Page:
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Desert Diary
Climate/Hot Spots


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El Paso is a hot spot. So is Chihuahua City. No, I'm not talking about the night life, or even the fact that we're living in a desert, but about a fact of modern, city life. We've changed the local climate by the artifacts of civilization. By replacing the desert with roads and parking lots of asphalt or cement and open lots with houses for living, we've created our own hot spots. Quicker to heat up in the hot desert sun than even scantily vegetated open country, the cities absorb and then radiate the sun's energy. Except in comfort, perhaps this doesn't make that much difference in the desert Southwest. Or maybe it does—studies have yet to be done.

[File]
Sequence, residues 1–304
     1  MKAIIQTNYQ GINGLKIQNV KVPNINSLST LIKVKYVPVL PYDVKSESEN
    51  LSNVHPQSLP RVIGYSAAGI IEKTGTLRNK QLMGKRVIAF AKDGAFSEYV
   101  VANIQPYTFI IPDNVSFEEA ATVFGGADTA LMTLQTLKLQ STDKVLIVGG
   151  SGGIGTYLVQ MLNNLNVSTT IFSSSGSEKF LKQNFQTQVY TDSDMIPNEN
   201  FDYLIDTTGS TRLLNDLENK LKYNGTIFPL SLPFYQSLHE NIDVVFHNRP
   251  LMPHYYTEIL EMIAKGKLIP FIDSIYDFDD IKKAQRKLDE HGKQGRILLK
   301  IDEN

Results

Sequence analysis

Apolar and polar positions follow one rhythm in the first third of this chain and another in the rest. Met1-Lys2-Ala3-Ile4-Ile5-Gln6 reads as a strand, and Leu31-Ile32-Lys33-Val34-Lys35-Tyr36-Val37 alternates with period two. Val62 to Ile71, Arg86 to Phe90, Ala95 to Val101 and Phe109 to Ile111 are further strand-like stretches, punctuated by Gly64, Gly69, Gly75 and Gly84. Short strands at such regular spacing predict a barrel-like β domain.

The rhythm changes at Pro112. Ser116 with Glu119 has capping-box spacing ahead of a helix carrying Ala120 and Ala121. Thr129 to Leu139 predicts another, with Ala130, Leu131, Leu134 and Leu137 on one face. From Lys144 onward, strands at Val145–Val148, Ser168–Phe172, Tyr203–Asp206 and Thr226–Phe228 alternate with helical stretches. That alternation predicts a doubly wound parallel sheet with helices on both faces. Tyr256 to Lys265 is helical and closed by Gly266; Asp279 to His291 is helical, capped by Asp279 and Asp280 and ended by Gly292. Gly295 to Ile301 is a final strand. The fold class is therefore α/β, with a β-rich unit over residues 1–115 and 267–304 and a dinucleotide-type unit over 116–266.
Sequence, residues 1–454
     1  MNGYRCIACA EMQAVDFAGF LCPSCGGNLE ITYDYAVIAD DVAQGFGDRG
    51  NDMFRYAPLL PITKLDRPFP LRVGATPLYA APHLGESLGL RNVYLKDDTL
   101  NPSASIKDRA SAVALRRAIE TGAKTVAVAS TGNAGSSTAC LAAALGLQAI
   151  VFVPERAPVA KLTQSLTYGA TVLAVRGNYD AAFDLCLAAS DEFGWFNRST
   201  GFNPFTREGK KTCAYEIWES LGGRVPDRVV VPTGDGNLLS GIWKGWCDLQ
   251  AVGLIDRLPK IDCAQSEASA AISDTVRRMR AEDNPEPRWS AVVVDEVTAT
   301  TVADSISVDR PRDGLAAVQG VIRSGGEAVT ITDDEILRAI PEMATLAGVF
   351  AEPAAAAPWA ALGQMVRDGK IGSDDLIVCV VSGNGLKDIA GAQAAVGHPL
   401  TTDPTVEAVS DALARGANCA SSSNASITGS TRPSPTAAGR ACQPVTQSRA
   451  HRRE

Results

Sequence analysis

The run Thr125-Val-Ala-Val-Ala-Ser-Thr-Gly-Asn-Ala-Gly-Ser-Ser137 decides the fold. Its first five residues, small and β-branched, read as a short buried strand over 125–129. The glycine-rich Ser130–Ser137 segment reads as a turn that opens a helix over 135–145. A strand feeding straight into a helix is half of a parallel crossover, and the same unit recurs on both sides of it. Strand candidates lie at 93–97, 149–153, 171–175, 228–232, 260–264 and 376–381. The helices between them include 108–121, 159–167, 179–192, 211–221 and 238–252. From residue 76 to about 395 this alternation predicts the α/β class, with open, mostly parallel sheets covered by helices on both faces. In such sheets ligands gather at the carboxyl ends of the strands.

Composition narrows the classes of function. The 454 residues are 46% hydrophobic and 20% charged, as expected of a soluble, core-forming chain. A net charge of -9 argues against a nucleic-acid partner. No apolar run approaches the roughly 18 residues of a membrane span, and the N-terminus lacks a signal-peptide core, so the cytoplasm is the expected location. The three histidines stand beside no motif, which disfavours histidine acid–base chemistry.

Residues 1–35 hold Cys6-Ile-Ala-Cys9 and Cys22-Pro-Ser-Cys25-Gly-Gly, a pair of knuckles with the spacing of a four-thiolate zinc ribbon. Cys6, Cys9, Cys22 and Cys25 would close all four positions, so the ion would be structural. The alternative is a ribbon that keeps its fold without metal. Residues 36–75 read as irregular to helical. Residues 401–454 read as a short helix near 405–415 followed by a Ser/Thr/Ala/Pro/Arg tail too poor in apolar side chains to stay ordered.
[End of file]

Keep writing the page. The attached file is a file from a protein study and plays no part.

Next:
In research centered on damper climes, the heat islands that are cities have been shown to change patterns of precipitation—it seems we can impact nature in ways we seldom anticipate. Cities have another unsuspected impact on nature. Recently we've found that birds sing louder in our noisy cities--they, like us, have had to learn to shout!
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Contributor: Arthur H. Harris, Laboratory for Environmental Biology, Centennial Museum, University of Texas at El Paso.

Desert Diary is a joint production of the Centennial Museum and KTEP National Public Radio at the University of Texas at El Paso.